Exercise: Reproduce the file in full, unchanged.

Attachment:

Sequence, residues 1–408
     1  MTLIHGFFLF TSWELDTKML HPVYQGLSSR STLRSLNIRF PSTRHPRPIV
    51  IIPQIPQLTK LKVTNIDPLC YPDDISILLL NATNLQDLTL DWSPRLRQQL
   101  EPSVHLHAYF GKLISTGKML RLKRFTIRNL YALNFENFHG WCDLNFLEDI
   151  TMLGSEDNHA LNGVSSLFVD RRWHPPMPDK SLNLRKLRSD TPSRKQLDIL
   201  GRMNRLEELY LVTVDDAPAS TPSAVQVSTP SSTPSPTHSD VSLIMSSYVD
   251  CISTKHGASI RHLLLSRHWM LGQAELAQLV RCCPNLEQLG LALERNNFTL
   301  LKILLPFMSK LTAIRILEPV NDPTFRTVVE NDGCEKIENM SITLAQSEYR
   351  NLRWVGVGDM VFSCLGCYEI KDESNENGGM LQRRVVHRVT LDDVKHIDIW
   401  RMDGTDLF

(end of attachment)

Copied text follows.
Sequence, residues 1–408
     1  MTLIHGFFLF TSWELDTKML HPVYQGLSSR STLRSLNIRF PSTRHPRPIV
    51  IIPQIPQLTK LKVTNIDPLC YPDDISILLL NATNLQDLTL DWSPRLRQQL
   101  EPSVHLHAYF GKLISTGKML RLKRFTIRNL YALNFENFHG WCDLNFLEDI
   151  TMLGSEDNHA LNGVSSLFVD RRWHPPMPDK SLNLRKLRSD TPSRKQLDIL
   201  GRMNRLEELY LVTVDDAPAS TPSAVQVSTP SSTPSPTHSD VSLIMSSYVD
   251  CISTKHGASI RHLLLSRHWM LGQAELAQLV RCCPNLEQLG LALERNNFTL
   301  LKILLPFMSK LTAIRILEPV NDPTFRTVVE NDGCEKIENM SITLAQSEYR
   351  NLRWVGVGDM VFSCLGCYEI KDESNENGGM LQRRVVHRVT LDDVKHIDIW
   401  RMDGTDLF